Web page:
The federal government is expecting Moderna to make good on a previously promised batch of 855,000 COVID-19 vaccine doses that were expected last week, but have yet to arrive.
Those delayed doses along with a little more than one million shots of the Pfizer-BioNTech vaccine represent the extent of Canada’s expected vaccine deliveries this week, even as the number of new COVID-19 cases across Canada continues to surge.
Maj.-Gen. Dany Fortin, the military officer overseeing the federal government’s vaccination distribution effort, blamed the delay in Moderna’s planned delivery on a “backlog with quality assurance.”
“It’s part of the manufacturing process, at the tail end of the manufacturing process, that they want to go through the proper quality assurance processes, and there’s a backlog,” he said last week.
Officials have indicated there could be a similar delay in the delivery of 1.2 million doses from Moderna next week.
“It’s prudent planning on our part right now to bank on the last week of April,” Fortin said.
In comparison, Pfizer-BioNTech has been consistently delivering more than 1 million shots to Canada each week for more than a month, a trend that is expected to continue for the foreseeable future.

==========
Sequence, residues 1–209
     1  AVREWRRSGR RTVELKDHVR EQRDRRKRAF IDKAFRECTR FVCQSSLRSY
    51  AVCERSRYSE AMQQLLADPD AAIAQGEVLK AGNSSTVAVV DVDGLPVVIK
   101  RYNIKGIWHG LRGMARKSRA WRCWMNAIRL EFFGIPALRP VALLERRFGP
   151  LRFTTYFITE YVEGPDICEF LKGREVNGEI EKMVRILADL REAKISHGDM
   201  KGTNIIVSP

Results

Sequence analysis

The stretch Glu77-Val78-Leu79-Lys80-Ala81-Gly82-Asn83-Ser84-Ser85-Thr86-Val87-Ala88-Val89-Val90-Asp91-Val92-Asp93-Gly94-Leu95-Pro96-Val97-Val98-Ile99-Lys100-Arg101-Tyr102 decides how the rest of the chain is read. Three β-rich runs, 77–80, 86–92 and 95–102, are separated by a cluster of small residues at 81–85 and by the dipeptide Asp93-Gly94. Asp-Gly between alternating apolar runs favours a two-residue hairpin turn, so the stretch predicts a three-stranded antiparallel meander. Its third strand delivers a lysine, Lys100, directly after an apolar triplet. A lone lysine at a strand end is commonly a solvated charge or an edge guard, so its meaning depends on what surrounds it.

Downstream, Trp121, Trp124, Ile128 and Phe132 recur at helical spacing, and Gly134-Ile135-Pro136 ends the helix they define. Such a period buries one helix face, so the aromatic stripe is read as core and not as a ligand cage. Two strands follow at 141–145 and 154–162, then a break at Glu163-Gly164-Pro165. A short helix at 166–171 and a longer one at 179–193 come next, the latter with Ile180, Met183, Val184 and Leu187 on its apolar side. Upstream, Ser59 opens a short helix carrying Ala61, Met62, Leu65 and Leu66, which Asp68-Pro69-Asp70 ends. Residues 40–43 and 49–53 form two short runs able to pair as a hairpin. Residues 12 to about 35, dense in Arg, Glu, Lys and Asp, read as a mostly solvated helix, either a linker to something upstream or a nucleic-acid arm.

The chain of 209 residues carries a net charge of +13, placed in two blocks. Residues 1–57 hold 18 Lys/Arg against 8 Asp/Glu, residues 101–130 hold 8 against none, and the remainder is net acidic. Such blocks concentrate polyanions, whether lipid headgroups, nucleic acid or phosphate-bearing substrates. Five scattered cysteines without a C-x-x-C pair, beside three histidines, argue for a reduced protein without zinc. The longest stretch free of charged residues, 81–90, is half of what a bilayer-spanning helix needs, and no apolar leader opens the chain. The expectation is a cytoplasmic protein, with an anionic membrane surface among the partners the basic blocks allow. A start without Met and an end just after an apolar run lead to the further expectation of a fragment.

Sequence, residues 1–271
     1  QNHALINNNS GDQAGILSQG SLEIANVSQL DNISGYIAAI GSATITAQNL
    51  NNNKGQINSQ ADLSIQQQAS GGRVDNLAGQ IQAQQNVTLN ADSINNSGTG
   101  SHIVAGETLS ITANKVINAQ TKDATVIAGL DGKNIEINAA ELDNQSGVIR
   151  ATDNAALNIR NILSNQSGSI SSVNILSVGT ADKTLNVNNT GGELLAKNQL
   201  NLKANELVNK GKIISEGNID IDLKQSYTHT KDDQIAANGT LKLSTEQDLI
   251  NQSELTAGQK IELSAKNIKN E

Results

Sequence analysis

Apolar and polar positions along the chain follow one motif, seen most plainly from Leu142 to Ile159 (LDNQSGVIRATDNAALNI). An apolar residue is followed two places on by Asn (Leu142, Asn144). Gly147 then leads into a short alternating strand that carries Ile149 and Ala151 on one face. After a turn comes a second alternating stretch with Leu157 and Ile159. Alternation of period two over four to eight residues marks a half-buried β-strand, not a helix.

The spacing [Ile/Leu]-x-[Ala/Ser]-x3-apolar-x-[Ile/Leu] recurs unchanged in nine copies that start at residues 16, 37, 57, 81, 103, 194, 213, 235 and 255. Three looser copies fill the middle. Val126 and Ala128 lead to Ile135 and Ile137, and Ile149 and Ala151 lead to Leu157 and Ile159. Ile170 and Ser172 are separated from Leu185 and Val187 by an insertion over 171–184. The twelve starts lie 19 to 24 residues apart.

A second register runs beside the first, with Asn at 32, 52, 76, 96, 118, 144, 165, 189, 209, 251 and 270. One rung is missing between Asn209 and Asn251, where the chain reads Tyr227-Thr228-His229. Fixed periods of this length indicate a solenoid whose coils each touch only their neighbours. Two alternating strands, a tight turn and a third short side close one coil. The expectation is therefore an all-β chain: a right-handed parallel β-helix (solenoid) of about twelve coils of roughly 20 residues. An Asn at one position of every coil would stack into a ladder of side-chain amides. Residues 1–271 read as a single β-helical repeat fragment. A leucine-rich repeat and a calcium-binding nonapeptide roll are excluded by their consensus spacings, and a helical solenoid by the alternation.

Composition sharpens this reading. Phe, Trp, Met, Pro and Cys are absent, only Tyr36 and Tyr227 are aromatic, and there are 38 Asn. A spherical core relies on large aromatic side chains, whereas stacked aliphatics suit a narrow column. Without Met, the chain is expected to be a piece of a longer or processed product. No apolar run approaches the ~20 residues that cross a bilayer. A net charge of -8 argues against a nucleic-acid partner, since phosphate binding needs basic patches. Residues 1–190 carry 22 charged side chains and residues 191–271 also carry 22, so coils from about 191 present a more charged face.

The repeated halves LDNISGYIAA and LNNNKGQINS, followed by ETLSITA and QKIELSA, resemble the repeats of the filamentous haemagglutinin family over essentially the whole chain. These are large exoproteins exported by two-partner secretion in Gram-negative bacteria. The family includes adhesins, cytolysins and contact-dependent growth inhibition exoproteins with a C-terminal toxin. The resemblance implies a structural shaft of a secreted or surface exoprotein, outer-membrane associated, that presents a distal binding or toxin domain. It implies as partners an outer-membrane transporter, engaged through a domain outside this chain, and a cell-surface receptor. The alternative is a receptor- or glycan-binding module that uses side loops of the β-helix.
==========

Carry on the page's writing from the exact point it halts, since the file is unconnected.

The Public Health Agency is not expecting any shots of the Oxford-AstraZeneca vaccine this week. Canada has also approved a vaccine produced by Johnson & Johnson, but it is not clear when the first of those doses will be delivered.
The rush to get vaccines into Canadians’ arms has grown more urgent as Canada continues to see a massive spike in the number of new COVID-19 infections.
Thousands of new cases were reported on Sunday, including a record 4,456 in Ontario alone. Dr. Theresa Tam, the country’s chief public health officer, noted admissions to intensive care units surged 23 per cent last week compared to the one before and said the Canada is approaching the peak of the current pandemic wave.
Tam said many of those getting sick are younger than in previous COVID-19 surges, which experts have blamed on virus variants that are spreading across the country.
That has prompted some provinces to start looking at changes to how they are distributing their vaccines.
More than 10 million doses had been distributed across Canada as of Sunday afternoon, according to covid19tracker.ca, with nearly 8 million having been administered.
Almost 20 per cent of the population has received at least one shot.
Lee Berthiaume, The Canadian Press
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